If you'll allow me, let me toot my own horn here (pun intended) in order to provide what I think is an important example regarding the producer's role in the recording studio:
I once worked on a symphonic track (MCI "Kids In Space" :30/:60) where a sixty-piece orchestra had finished a session and its members were waiting for authorization to be released from the gig. With the clock fast counting down to the hour, we were conducting repeated playbacks in the control room, making sure we had everything we needed. Finally, with minutes to go before we ran into overtime, the agency's creative director (Mike Lee/MVBS) decided he wanted to add something ‘cheeky’ to the mix. The composer and I looked at each other: It was apparent that neither of us Americans really understood what 'cheeky' meant.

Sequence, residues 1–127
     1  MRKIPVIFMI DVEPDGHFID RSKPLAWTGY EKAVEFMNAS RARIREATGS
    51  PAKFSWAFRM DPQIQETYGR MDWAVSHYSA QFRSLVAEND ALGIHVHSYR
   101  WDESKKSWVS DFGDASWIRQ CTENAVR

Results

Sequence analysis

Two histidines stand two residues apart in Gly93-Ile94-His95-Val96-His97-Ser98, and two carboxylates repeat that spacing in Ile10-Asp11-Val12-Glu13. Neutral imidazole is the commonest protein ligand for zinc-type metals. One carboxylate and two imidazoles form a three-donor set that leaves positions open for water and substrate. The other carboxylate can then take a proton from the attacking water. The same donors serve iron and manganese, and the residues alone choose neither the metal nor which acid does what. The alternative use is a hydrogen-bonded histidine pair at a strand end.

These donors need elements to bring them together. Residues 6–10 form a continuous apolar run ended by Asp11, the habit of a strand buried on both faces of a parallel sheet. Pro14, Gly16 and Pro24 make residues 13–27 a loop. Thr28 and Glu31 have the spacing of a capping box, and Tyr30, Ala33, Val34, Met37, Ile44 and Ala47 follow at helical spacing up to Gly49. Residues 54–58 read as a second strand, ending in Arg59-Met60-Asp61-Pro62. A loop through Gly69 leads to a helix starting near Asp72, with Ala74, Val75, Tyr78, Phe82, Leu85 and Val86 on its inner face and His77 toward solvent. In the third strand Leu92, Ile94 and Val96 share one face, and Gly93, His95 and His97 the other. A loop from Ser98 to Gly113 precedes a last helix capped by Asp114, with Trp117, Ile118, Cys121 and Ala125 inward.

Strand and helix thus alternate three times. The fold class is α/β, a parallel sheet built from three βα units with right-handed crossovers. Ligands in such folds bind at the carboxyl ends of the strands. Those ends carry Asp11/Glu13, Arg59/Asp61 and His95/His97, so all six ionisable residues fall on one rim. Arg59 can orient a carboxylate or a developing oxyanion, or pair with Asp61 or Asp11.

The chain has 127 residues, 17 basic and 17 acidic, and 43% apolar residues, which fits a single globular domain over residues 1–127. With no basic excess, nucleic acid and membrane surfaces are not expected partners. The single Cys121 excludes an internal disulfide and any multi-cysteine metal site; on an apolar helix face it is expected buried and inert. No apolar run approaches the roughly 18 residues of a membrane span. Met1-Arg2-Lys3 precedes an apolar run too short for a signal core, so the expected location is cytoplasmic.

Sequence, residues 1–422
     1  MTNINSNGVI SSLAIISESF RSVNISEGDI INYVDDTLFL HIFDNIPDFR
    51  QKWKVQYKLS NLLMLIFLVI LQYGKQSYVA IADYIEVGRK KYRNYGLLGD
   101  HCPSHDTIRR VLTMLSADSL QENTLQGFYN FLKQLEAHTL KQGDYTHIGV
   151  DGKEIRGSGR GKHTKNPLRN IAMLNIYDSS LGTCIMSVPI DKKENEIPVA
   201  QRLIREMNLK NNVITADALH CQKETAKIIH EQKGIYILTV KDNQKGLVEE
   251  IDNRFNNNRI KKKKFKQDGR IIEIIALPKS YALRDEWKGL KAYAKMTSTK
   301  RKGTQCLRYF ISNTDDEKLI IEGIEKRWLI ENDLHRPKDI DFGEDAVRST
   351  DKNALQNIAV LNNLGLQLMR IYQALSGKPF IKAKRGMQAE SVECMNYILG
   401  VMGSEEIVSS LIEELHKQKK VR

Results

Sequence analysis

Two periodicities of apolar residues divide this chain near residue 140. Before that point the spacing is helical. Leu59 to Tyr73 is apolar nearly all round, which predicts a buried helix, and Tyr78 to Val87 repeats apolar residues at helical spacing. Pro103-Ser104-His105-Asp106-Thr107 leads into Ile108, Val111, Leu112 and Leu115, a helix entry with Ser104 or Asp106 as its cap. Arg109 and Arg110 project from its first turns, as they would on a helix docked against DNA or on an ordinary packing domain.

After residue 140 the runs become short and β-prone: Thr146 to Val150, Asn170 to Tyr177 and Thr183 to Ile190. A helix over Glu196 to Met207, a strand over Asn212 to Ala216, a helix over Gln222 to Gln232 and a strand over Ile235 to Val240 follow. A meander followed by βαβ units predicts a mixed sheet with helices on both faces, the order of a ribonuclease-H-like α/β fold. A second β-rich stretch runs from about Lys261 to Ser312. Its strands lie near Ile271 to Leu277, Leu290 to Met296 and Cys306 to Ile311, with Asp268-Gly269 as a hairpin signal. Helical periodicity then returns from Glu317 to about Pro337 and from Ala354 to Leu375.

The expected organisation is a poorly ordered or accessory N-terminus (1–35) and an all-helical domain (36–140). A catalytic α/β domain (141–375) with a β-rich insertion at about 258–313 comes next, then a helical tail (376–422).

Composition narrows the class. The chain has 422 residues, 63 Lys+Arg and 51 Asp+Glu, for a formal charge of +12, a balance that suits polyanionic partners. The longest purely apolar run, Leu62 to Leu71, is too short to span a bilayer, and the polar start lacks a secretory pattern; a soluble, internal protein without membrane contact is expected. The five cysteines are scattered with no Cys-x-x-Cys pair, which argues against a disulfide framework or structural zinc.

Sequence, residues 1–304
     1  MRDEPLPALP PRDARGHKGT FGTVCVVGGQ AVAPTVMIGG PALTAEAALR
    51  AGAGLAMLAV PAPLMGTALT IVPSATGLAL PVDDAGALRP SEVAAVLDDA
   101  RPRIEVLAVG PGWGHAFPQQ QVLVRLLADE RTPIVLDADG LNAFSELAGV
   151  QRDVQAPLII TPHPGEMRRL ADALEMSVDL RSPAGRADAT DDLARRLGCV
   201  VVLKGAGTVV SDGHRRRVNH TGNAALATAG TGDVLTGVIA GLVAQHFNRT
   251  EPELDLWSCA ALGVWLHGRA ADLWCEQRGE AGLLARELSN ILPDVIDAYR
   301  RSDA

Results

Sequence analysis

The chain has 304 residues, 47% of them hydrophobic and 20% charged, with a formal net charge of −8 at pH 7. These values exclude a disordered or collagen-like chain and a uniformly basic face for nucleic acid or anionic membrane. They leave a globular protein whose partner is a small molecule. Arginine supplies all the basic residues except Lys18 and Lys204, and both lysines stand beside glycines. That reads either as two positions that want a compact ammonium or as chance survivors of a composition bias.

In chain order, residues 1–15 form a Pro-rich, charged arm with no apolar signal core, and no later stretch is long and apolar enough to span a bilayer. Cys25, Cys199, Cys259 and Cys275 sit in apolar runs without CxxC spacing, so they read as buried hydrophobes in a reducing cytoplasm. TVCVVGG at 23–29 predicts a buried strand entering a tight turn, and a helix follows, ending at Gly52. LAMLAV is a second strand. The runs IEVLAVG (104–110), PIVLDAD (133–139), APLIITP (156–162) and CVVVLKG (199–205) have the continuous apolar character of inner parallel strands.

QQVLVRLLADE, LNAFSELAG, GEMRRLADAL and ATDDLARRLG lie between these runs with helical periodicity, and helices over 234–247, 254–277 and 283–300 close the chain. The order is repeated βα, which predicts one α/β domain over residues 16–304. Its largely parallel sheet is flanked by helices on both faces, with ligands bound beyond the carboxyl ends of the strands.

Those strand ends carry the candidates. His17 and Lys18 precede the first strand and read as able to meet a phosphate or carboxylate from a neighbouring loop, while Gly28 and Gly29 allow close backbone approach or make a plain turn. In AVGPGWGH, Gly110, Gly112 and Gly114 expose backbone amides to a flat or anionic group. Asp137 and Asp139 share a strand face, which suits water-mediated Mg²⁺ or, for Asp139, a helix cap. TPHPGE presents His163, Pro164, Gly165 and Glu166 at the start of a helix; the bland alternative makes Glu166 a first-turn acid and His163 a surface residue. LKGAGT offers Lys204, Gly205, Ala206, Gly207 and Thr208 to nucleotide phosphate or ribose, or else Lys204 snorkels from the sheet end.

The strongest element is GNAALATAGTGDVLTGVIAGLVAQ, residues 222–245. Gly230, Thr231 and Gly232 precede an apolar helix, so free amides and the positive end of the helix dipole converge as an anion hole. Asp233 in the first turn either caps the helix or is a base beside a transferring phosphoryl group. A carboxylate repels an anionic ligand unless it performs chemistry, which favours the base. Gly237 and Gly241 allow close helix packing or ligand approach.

When the composer came up empty handed, it was my turn to have a go at it: I gave the percussionist some verbal direction ("hit this, hit that when I cue you...") Then I turned around and asked Larry Alexander, our engineer, to roll tape while I cued the percussionist exactly where I wanted him to add the new music design elements we had just discussed.
Cheeky on the spot, as it turns out!
To me, this is the essence of producing –being able to produce fast improvisational solutions on the spot, with tremendous economic and personal consequences hanging over your head if you make the wrong decision, or you go one minute overtime.
Call yourself a producer? Besides a turntable and a record collection, you need to have a million ideas at your disposal to solve any given problem; all of which work within an allotted budget and schedule; and you need to be confident enough to step up and demonstrate or personally execute them as required by the situation, in front of any number of people. Sure, I could have fallen flat on my face in front of half the New York Philharmonic, not to mention Messner Veter Berger McNamee Schmetterer, but fortunately, I didn't.